We decided to store the previous 500 samples of data coming from the accelerometers. Then, computing the variance of the data (summing up the variances from all the three directions), we can understand if in that time span the robot has been moving. This method can be summarized as follows:

**if motionlessflag == false**

get newacc

**if SIZE < 500**

vec = [vec,newacc]

var = variance(vec)

**if var < 2 · 10**−6

motionlessflag == true

**else**

continue

For the inizialization of the biases the IMU has been removed from the robot and calibrated one a flat surface. We attached the IMU to a parallelepiped-shaped box and tested the various results (we should see a vector like (1, 0, 0) every time for the accelerometers and (0,0,0) for the gy-roscopes). Analyzing the mean of each esperiment we intialized the biases as follows:

Table 2: Bias Parameters

bf x bf y bf z bωx bωy bωz

0.0011 0.0120 -0.0016 0.0066 0.011 -0.005

The values of the feet are intialized to zero for the right leg and from the kinematics for the left leg.

4.5.2 Initial covariance

The matrix P (0) represents the initial covariance. A good proxy to follow is to use the values of Q for these initial values. As for Pp we will still use the

same value as Qp, which we will describe in the next section. The values of

P (0) are:

Table 3: P (0) inizialization

Pr(0) Pv(0) Pψ(0) Pbf(0) Pbω(0)

4.5.3 Feet covariance

As stated before, the feet covariances deserve a special attention. This is caused by the fact that we cannot take a granted number for these, but they are tuned parameters of the filter.

Figure 15: Backlash in the left foot: the left foot, despite being on the ground during a forward movement, rotates around his forward axis

Observing the robot behaviour in the Figure 15, we can see that we have a different backlash in the kinematics between the two legs. The left foot seems to be more affected by errors in the kinematics. In order to consider this, we are going to address the kinematics of this leg with an higher covariance associated with the measurement than the one used for the right leg.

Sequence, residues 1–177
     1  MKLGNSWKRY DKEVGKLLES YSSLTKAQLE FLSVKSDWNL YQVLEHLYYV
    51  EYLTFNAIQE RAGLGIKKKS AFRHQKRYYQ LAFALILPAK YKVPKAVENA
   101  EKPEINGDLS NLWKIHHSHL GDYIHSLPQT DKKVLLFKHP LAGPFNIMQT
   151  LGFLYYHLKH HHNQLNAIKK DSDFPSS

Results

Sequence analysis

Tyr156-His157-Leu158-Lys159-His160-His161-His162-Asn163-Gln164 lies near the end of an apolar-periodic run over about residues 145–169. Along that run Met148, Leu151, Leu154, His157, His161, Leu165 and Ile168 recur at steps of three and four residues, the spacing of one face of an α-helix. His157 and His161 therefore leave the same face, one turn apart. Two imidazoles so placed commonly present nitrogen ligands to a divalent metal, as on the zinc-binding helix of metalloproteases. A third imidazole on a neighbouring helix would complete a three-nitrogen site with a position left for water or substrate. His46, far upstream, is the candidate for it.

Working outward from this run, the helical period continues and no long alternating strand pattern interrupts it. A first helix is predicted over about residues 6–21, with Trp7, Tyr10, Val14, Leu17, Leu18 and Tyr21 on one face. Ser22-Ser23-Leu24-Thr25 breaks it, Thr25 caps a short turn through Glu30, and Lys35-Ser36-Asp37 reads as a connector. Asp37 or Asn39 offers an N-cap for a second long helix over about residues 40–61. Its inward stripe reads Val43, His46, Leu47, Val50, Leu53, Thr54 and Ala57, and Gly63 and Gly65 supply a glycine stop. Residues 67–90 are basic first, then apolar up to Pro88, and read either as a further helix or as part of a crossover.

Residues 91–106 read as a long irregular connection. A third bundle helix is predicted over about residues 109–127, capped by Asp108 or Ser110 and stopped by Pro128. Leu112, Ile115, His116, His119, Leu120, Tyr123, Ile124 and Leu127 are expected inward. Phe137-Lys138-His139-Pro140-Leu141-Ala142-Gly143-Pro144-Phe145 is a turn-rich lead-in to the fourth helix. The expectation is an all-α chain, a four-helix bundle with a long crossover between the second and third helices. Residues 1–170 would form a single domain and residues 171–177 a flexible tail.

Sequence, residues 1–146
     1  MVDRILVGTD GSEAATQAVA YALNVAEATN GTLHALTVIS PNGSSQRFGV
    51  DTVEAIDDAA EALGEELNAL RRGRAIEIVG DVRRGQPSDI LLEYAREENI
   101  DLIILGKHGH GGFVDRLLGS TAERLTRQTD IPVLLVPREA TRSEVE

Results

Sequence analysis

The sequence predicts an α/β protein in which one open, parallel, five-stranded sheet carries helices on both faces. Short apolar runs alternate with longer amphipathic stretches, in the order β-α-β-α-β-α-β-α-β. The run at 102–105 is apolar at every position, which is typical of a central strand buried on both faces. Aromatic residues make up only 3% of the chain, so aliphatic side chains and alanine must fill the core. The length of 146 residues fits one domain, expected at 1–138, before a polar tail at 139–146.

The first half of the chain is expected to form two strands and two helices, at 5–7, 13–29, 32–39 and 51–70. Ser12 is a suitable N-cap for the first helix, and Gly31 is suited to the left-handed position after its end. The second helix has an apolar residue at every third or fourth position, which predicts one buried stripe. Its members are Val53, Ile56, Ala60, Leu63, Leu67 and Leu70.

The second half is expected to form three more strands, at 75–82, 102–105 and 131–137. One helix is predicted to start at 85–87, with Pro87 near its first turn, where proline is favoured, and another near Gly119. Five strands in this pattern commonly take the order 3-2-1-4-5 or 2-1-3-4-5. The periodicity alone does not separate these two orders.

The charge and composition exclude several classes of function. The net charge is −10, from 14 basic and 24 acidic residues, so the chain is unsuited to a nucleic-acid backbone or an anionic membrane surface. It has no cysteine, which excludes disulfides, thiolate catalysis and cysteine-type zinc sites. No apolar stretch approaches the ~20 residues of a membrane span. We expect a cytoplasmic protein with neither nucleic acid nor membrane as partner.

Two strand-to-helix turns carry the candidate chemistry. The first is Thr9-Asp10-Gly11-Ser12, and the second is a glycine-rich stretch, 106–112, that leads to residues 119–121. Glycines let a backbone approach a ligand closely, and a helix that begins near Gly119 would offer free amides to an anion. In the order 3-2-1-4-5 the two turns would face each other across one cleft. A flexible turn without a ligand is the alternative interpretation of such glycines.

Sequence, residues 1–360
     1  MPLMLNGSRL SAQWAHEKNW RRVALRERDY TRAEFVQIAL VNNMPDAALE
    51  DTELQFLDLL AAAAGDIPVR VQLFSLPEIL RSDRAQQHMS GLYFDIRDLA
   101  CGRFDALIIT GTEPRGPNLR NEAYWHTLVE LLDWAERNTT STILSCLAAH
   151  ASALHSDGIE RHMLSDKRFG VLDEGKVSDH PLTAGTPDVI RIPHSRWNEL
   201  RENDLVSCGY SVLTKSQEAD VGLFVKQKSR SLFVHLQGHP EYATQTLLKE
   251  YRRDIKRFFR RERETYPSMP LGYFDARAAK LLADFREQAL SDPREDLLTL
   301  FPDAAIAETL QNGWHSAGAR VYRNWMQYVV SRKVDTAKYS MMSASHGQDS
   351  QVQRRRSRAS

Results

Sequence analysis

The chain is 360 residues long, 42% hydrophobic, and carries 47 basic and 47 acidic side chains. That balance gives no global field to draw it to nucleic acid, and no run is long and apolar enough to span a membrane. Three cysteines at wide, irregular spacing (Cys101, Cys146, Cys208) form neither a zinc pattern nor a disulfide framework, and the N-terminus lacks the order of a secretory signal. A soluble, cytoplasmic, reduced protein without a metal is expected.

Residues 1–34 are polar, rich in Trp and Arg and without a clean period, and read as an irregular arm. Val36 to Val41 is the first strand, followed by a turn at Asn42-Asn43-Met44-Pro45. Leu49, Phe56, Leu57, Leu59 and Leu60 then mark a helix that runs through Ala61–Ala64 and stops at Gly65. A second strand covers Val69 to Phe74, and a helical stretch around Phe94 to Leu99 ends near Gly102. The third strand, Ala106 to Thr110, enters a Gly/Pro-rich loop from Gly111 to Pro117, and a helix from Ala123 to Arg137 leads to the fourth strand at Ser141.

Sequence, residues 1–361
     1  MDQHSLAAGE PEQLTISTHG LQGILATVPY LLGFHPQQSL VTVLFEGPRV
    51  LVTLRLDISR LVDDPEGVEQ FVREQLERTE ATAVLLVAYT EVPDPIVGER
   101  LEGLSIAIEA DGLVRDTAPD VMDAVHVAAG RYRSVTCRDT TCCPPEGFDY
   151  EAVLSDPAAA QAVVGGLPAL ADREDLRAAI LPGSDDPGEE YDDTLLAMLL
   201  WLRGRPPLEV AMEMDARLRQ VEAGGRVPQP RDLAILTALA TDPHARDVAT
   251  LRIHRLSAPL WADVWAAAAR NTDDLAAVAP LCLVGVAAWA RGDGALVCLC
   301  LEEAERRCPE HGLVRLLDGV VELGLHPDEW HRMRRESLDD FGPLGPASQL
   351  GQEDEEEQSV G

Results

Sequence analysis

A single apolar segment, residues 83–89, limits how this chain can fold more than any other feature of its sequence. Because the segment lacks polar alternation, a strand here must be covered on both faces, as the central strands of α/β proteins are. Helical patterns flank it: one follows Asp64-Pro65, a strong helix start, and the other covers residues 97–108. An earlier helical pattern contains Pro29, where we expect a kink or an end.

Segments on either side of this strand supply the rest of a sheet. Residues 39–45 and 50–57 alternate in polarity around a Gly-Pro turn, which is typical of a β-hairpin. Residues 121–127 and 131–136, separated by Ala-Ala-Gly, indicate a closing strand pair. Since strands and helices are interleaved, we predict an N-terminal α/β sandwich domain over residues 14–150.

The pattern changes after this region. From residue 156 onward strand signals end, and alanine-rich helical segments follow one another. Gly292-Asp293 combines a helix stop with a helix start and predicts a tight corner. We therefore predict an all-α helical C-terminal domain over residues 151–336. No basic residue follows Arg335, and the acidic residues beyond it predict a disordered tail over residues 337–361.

ground (if not, the assumption ˙pi = CT · wp,i does not hold anymore). One

way to consider this is to set a threshold of force on the feet sensors in order to understand whether or not the foot is on the ground. Based on this we can ”exclude” the foot from the state by setting a really high covariance on that state. We can summarize this approach as follows:

**if F**lef t,z > 0.45Ftotal,z
Qp,lef t= diag(2 · 10−7, 5 · 10−7, 10−6)
Rp,lef t= diag(1.25 · 10−3, 5 · 10−4, 2.5 · 10−6)
**else**
Qp,lef t= diag(1010)
Rp,lef t= diag(1010)
**if F**right,z > 0.45Ftotal,z
Qp,right= diag(2 · 10−7, 5 · 10−7, 10−6)
Rp,right= diag(5 · 10−4, 2 · 10−4, ·10−6)
**else**
Qp,right= diag(1010)
Rp,right= diag(1010)

### 5

### Flat Foot EKF

Due to the observability problems shown in the previous approach, we can make one more assumption. This assumption relies on [6] for which we can consider a flat-foot contact, resulting in a more stable estimate of the states. This filter continues to make no assumptions about the gait but allows to set a bigger constraint that reduces the non observable conditions.

As before, the inputs are coming from the IMU data, relying on ac-celerometers and gyroscopes measures as first sources of data. Then the measurement update will be computed through leg kinematics, but with the further constraint of the flat foot assumption, computing also the orientation of the feet and not only the position.

### 5.1

### Prediction Model

The states used will be the same as the ones used before adding the world orientation of the feet as described below:

x = [r, v, q, plef t, pright, bf, bω, z]T. (80)

Where, as before:

• r is the position of the IMU; • v is its velocity;

• q is the quaternion representing a rotation from world to body frame; • p is the world position of the foot (respectively left and right);

• bf and bω are the accelerometer and gyroscope biases.

The derivative can then be computed as:
˙r = v; (81)
˙v = CT · ( ˜f − bf − wf) + g; (82)
˙
q = 1
2
˜ω − bω− ww
0
⊗ q; (83)
˙
pi = CT · wp,i; (84)
˙
bf = wbf; (85)
˙
bω = wbω; (86)
˙z = 1
2
ω_{z}
0
⊗ z (87)

The inputs are represented by ˜f and ˜ω which are the raw acceleration and angular rate sensed by the IMU.

### 5.2

### Measurement Model

The measurement is a function of the measured joint angles and the kine-matic model of the leg. Here the transformation matrix is given by the C++ code extracted by Robotran, thus giving us both the position and the orien-tation of the feet with respect to the body. This will be compared with the measurement vector, that will be computed as shown below:

sp = C · (p − r) + np; sz = exp(nq) ⊗ q ⊗ z−1, (88)

where:

• np is the noise position vector (combining uncertainty on the encoders

and on the kinematic model); • nq is the noise orientation vector.

. Both the errors constitue tuning parameters for the filter as is it is shown in the parameters section.

5.2.1 Discrete Implementation

The model represented before must now be implemented in a discretized way